Naval General Service Medal, bar Java, John Kimber, LM and Ord on the Buecphalus in Java and Royal Marine on the Resolution at the Battle of Copenhagen 1807, served in all 3 Branches of the Navy.
“John Kimber is an old, weather beaten, mariner.” – 60 year old John is tried in court for forgery and sentenced to 8 months imprisonment and labour, he was put in Newgate Prison.
Officially impressed: “JOHN KIMBER”
Confirmed on the medal roll as having served as a Landsman and Ordinary Seaman of the Buecephalus in the Java Invasion of 1811, it is a unique name on the medal roll.
Provenance, ex Eugene Ursual Catalogues, 1953 and 1957, Spink 6th May 1984, Ex Stansfeld Collection.
He had also seen prior service in the Royal Marines in the Bombardment of Copenhagen during the Second Battle of Copenhagen 15th August – 7th September 1807 on board HMS Resolution, however no clasp was awarded for this action. The incident led to the surrender of the Entire Danish Navy, who were a neutral country at the time, and sparked the Anglo-Russian War of 1807 which lasted until 1812.
Mr John Kimber, had the unusual distinction of having served in all 3 branches of the Sea, He was first a Private in the Royal Marines, then a Landsman and Ordinary Seamen of the Royal Navy when he earned this medal, and in between Royal Navy service and throughout the rest of his life he was a Seaman of the Merchant Navy.
“John Kimber, an old, weather beaten, mariner, was charged with feloniously uttering a forged order for the payment of money, well knowing the same to be forged.” an old Seaman John Kimber, who could read and write, using his skills to forge a payment note from his Captain, he was imprisoned during 1848.
John Kimber, was born on Bermondsey, London about the 10th December 1789.
He first went to sea as a “Boy” in the year 1804.
Having enlisted in the Royal Marines, and around 19 years old, he entered the ship HMS Resolution on 26th July 1807 and left the books on 25th December 1807.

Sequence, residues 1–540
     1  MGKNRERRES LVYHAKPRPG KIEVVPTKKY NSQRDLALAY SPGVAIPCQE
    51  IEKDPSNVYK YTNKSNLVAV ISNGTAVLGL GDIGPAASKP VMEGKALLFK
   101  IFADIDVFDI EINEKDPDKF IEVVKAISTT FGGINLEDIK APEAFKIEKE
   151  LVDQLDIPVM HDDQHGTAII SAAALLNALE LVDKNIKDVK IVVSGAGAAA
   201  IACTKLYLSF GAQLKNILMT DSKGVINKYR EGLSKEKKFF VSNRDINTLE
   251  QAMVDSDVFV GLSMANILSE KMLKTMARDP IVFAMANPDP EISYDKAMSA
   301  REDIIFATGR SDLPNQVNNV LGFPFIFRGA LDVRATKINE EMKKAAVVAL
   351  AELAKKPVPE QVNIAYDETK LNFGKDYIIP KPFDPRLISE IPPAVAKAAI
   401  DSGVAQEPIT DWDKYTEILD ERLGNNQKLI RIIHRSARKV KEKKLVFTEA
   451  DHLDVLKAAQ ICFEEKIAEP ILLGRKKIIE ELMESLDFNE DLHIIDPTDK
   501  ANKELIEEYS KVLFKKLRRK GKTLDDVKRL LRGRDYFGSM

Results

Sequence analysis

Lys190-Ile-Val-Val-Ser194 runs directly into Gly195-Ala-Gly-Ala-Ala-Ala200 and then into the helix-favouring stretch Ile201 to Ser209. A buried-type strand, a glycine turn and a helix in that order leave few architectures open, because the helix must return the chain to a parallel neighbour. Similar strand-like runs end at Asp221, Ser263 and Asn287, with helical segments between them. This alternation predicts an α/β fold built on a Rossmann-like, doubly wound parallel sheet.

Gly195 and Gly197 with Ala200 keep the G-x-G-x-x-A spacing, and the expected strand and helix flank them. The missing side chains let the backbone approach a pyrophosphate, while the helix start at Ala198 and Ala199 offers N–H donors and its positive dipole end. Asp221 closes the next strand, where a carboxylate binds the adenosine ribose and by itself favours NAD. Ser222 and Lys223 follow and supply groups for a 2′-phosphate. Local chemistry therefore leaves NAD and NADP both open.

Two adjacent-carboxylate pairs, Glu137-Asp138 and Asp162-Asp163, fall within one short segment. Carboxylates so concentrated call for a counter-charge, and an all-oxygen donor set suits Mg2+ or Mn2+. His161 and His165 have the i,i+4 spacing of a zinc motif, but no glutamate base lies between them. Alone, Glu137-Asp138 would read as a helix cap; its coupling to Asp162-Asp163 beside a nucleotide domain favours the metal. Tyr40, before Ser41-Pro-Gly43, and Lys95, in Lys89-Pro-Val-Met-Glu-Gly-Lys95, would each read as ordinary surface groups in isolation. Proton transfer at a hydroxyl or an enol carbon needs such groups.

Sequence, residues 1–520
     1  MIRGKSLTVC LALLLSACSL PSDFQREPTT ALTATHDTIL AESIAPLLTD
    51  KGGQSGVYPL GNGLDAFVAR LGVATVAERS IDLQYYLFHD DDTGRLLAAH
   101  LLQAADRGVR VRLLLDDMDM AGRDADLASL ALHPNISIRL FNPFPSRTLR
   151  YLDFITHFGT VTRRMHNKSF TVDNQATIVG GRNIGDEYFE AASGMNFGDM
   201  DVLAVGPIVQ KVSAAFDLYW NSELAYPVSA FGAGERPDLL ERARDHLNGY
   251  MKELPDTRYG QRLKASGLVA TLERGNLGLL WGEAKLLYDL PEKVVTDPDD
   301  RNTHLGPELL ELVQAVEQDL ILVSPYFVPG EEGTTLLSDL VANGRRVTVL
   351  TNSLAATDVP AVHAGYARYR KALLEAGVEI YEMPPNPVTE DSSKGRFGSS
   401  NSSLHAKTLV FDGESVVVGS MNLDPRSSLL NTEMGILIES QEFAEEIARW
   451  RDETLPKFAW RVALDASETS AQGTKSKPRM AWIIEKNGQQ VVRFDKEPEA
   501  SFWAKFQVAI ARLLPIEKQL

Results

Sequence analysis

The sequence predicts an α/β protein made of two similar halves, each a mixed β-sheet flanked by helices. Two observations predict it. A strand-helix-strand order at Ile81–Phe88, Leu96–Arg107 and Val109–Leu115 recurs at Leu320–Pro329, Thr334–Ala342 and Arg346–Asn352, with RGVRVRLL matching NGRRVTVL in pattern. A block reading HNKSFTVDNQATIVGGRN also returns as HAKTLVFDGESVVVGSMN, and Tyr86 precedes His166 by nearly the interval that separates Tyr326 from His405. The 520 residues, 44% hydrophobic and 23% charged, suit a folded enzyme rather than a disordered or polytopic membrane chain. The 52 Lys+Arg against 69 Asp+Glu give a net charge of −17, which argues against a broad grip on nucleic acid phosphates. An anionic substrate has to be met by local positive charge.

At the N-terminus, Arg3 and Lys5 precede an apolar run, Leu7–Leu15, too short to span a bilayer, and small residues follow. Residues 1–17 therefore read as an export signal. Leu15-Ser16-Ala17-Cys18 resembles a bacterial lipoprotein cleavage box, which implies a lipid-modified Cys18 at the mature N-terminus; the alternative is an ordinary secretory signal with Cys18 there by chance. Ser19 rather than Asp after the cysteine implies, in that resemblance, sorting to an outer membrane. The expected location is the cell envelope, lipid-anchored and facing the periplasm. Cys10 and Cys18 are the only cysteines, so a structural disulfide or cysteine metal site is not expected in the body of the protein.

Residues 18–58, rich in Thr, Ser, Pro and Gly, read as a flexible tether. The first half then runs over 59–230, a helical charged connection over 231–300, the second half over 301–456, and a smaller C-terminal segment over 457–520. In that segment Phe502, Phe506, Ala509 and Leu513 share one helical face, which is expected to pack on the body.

On this day, 26th July 1807, a fleet of 38 Vessels set off from England for Copenhagen
THE BATTLE OF COPENHAGEN 1807, A ROYAL MARINE
During this time, she was under the Command of Captain George Burlton, and as soon as he got on board, they set off to Denmark.
Denmark was a neutral company in a time of great tension throughout Europe.
THE INVASION OF JAVA 1811, A ROYAL NAVY SAILOR
He did not see another ships posting after Copenhagen, until he switched over to the Royal Navy and was taken on board the new ship HMS Bucephalus launched in 1808, on 18th July 1810.
He saw service on the ship for 3 years from 18th July 1870 to 27th August 1813, having advanced from Landsman to Seaman on 16th September 1811.
The ship was sent to the East Indies, on 9th October 1810 one of her Lieutenants, named Flott was court martialled on board at Madras for using seditious language.
Later on 17th February 1811 the ship departed for the rendezvous for the expedition to Java.
On 3rd August 1811 the ship arrived at Chilingching on the coast of Java.
On 4th August 1811, under the Command of Rear Admiral Stopford, he detached 4 ships including the Bucephalus to then go and blockade the nearby French Frigates, Nymph and Medusa in Batavia Road.
Some tension occurred on 3rd September 1811, the 2 French Frigates departed and the Bucephalus sailed after them, being joined the next day by their backup, the Barracouta.
However by the 12th, the French ships were instead chasing after the Bucephalus as they eventually escaped in shoal water, escaping the French by the 13th.
After 3 years away, the ship returned back to Dover on 10th August 1813 with the East India Convoy, which was when Kimber left the ship.
He next took up a posting on HMS Severn from 28th August 1813 until 5th October 1813.
Disappearing from the books of the Royal Navy, he saw his last posting over 20 years later, joining HMS Mastiff from 4th April 1836 until 7th September 1836.
He was admitted to Greenwich Hospital on 3rd April 1851.